Vitamin K Epoxide Reductase Complex 1 (VKORC1) Gene Polymorphisms in Population of Eastern Croatia
Vitamin K epoxide reductase (VKOR) is a key enzyme in the g-carboxylation of proteins associated with important bodily functions (coagulation, bone metabolism, etc.). This feature is particularly used in warfarin therapy, which blocks the VKOR enzyme and leads to production of dysfunctional coagulation proteins. Genetic factors, particularly vitamin K epoxide reductase complex 1 (VKORC1) gene, have greatest influence on warfarin therapy. The aim of this study was to determine the distribution of VKORC1 1173C>T and VKORC1-1639G>A polymorphisms, which are most important for warfarin therapy. We investigated 420 unrelated healthy individuals, mostly blood donors, from region of the Eastern Croatia. Both investigated polymorphisms were in perfect linkage disequilibrium (LD) and showed identical results. 151 patients (36%) were homozygous for the wild-type (C/C and G/G), 196 (47%) were heterozygous (C/T and G/A) and 73 (17%) were homozygous for the variant allele (T/T and A/A). Number of normal alleles among individuals was 498 (59.3%), and number of variant alleles was 342 (40.7%). The data obtained are in good agreement with the results of studies in other European populations.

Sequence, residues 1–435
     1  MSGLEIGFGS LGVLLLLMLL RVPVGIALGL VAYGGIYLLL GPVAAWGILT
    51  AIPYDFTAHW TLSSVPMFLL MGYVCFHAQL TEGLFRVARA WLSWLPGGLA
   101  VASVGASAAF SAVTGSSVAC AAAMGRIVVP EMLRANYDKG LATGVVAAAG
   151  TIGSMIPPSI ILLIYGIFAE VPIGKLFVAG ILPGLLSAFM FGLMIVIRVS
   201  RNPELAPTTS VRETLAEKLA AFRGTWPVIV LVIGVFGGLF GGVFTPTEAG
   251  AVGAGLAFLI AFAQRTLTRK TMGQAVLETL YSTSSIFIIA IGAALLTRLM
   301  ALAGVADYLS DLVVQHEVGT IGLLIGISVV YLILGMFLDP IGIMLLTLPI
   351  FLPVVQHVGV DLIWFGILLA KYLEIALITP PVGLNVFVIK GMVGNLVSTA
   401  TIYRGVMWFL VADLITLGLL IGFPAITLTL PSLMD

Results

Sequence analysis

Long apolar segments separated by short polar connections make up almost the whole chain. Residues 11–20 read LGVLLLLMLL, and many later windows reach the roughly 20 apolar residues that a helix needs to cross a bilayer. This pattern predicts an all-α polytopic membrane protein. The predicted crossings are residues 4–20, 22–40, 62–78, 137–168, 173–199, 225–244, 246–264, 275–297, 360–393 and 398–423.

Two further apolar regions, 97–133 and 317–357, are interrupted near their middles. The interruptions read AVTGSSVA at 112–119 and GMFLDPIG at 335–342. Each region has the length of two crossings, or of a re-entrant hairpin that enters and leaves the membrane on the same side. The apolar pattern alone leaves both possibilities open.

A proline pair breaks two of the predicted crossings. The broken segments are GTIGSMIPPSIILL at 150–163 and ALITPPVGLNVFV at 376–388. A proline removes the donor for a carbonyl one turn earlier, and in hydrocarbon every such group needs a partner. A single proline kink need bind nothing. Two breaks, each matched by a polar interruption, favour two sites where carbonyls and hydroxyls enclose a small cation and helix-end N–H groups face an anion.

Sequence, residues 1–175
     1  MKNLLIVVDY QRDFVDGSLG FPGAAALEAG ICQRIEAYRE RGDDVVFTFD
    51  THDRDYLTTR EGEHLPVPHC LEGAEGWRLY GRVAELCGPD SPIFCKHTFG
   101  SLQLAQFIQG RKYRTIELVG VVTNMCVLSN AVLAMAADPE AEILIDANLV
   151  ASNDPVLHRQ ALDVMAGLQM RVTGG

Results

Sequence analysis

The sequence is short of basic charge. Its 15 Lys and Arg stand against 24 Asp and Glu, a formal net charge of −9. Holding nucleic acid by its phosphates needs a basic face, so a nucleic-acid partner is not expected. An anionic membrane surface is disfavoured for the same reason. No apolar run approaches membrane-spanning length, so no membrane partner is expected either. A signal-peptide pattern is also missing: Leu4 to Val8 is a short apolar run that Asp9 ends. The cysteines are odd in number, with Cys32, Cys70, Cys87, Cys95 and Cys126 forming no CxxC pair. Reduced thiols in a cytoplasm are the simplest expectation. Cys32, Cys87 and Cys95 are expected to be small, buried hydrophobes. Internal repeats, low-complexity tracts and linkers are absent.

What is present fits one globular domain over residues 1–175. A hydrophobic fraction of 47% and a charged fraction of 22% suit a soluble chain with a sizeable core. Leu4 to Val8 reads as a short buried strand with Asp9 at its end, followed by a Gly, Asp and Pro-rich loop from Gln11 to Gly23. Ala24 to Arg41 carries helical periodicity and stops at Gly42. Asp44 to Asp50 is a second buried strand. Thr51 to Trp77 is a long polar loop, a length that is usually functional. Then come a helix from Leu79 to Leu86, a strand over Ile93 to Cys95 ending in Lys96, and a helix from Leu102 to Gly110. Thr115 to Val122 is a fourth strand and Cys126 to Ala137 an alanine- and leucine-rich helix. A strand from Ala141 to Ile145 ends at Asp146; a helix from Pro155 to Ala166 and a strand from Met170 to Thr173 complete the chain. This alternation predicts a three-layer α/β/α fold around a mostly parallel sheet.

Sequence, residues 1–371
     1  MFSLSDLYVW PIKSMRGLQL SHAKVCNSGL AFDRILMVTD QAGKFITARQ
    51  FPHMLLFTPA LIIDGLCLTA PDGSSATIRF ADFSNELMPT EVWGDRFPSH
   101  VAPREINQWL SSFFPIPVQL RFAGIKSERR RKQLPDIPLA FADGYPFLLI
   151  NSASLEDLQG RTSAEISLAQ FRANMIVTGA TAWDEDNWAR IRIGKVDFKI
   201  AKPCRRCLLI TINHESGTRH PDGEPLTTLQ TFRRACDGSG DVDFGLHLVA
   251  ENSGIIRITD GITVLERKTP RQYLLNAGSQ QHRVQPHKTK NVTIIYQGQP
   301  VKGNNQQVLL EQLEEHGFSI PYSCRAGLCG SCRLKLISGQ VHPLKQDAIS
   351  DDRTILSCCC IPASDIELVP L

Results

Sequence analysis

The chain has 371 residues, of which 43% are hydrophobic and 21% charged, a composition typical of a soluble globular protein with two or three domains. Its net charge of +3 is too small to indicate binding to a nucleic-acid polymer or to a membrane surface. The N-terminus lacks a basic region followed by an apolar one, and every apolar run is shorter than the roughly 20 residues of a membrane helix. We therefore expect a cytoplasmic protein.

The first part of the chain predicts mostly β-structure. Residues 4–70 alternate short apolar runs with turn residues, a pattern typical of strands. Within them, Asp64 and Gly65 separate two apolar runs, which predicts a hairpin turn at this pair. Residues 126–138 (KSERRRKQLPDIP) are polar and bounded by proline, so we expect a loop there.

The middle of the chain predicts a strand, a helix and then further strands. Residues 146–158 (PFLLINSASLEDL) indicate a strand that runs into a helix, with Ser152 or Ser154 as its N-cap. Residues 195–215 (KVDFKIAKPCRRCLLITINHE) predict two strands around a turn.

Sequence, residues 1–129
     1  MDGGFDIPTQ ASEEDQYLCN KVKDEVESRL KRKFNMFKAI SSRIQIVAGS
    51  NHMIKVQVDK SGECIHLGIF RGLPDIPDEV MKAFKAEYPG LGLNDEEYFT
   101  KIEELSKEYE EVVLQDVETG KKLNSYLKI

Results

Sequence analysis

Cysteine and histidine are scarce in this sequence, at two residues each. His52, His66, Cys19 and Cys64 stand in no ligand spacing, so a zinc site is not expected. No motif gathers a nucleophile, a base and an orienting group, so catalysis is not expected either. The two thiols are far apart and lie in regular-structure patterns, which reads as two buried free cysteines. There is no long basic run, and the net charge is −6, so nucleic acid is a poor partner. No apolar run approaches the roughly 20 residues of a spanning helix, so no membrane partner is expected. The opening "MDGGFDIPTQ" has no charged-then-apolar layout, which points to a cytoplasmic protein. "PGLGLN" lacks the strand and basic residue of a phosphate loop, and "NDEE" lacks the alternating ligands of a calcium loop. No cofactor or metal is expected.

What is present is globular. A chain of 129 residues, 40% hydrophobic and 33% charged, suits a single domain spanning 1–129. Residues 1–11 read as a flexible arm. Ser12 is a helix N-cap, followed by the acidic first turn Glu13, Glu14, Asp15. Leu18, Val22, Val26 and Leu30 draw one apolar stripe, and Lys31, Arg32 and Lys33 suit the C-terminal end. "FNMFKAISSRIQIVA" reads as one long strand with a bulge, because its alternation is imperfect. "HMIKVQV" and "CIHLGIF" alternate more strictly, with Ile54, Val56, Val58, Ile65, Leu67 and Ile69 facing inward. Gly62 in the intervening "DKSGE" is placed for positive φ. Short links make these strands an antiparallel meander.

vitamin K, vitamin K epoxide reductase, gene frequency, linkage disequilibrium, SNP, genetic variation, pharmacogenetics, anticoagulants, warfarin, Croatia
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